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National Weather Service is looking to train future storm spotters

Tropical Weather
Wilfredo Le
/
AP
A normally bustling Ocean Drive is shown during a downpour, Sunday, Nov. 8, 2020. A strengthening Tropical Storm Eta cut across Cuba that day.

Tracking the weather is not just for meteorologists. South Floridians with an interest in tracking weather patterns have the chance to sign up for a free storm spotting class.

Every year, the National Weather Service teaches hundreds of people from Naples to West Palm Beach on how to identify specific weather hazards through its SKYWARN program.

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Robert Molleda is a warning coordination meteorologist with the NWS. He said people do not have to be a scientist to be a storm spotter.

"It's a great example of citizen science without getting too technical," he said. "It's just using your senses, your eyes, your ears ... to report real time weather information that could really help save lives."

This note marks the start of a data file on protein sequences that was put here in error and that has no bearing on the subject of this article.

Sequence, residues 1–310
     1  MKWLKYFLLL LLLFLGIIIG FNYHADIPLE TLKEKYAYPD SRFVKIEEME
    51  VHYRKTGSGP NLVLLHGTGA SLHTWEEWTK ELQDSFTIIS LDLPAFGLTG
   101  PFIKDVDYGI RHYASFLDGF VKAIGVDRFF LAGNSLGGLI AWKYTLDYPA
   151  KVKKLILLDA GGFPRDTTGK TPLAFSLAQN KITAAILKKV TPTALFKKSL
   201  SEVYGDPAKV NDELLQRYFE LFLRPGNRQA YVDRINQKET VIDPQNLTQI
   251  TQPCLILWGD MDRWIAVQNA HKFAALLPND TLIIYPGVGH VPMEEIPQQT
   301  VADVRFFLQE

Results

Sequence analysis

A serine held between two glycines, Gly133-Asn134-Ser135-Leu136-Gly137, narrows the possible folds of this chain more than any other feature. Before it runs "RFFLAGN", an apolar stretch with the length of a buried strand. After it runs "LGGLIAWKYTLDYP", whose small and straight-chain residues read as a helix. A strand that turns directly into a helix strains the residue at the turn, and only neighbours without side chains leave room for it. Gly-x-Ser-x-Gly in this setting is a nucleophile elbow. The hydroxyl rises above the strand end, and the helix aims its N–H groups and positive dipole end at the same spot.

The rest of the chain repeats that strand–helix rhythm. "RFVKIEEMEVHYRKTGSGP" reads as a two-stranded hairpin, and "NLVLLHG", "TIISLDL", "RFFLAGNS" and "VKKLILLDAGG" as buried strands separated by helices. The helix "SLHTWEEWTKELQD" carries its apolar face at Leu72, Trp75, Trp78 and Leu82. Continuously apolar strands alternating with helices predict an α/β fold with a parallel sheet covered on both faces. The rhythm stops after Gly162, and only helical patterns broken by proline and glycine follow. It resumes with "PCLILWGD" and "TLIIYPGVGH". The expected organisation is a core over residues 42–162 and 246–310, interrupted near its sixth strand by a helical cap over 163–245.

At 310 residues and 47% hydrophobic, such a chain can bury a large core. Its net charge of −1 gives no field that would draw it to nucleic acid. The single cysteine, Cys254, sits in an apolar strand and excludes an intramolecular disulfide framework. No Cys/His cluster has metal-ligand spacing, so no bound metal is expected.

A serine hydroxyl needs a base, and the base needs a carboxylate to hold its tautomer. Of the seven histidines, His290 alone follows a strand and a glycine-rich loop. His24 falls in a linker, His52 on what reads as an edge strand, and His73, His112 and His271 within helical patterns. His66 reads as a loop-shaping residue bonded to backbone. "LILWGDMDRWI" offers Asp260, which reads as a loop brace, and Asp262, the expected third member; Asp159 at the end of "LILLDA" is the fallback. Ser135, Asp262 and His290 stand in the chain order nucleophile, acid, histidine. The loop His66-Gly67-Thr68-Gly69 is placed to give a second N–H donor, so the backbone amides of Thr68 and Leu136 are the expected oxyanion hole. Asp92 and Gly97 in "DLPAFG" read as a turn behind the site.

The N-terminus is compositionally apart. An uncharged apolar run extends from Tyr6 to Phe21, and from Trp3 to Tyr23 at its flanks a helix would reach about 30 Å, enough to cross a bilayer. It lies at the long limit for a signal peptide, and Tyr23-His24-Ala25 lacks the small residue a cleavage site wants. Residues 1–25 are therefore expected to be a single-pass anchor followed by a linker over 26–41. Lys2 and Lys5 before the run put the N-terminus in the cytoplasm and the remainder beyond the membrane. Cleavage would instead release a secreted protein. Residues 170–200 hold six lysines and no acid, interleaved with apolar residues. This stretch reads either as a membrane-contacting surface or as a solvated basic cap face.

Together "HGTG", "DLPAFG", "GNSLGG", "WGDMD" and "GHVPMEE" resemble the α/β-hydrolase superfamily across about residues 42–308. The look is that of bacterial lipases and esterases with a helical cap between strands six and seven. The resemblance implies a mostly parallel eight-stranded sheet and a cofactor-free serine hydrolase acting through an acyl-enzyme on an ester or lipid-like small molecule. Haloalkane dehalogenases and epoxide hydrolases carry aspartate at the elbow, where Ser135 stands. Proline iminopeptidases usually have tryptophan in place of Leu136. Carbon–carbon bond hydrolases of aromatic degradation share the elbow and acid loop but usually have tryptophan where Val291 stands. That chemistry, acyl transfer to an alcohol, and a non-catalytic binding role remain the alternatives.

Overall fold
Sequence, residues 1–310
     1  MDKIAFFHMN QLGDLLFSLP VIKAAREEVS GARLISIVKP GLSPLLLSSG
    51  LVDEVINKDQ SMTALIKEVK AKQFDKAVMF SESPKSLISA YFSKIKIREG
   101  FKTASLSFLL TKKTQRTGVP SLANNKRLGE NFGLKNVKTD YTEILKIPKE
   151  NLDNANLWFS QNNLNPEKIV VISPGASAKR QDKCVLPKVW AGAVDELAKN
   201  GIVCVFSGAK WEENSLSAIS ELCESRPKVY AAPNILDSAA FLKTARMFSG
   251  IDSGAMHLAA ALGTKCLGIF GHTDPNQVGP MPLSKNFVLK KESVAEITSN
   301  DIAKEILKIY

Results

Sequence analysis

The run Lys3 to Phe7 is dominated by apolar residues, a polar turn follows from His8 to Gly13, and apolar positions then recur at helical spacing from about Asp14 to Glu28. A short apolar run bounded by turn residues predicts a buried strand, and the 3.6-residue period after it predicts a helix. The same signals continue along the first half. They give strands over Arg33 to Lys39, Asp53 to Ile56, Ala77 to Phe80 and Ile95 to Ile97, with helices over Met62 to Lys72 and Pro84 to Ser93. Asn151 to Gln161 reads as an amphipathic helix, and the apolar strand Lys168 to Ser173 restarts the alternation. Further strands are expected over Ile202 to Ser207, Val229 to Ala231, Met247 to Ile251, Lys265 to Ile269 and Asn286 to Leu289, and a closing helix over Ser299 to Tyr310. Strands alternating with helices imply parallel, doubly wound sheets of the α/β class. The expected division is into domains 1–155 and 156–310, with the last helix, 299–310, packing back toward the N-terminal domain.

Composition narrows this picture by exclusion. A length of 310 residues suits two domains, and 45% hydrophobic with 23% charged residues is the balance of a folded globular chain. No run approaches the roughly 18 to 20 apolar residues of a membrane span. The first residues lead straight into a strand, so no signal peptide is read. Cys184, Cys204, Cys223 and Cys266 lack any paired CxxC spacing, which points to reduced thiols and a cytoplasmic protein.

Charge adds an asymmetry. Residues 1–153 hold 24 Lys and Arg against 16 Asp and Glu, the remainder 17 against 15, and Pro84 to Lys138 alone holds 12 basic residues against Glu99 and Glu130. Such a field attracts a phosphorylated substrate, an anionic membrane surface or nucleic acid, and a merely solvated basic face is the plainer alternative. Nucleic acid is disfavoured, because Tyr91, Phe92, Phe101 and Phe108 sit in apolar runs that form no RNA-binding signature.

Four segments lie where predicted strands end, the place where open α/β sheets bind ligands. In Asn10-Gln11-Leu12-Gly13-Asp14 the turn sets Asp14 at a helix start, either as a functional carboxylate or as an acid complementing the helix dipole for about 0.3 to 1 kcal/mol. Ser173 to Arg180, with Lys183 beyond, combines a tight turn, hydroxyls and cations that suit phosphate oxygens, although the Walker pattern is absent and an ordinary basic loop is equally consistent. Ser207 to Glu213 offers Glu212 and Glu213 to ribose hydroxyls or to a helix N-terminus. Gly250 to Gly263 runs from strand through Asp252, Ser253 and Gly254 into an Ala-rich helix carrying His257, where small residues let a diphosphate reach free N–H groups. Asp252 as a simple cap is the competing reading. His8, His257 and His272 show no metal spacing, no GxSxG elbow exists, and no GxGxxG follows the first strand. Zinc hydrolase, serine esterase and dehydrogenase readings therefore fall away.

Reports from storm spotters can help meteorologists improve their forecasting and data collection. Molleda said real time reporting coupled with Doppler radar technology creates more accurate public weather alerts.

"Spotters give us ground truth," Molleda said. "They give us validation that that event that we issued the warning for is actually occurring."

During training sessions, attendees will also learn how to report information. Storm spotters will be given access to a private phone line, so they can report weather events to the NWS as they occur.

Storm spotting is not a new idea. The SKYWARN program dates back to the 1970s when the NWS took existing storm spotting programs and essentially grouped them together.

To find a full schedule of classes, you can visit SKYWARN's website here.

Alyssa Ramos is a multimedia producer for WLRN’s Morning Edition.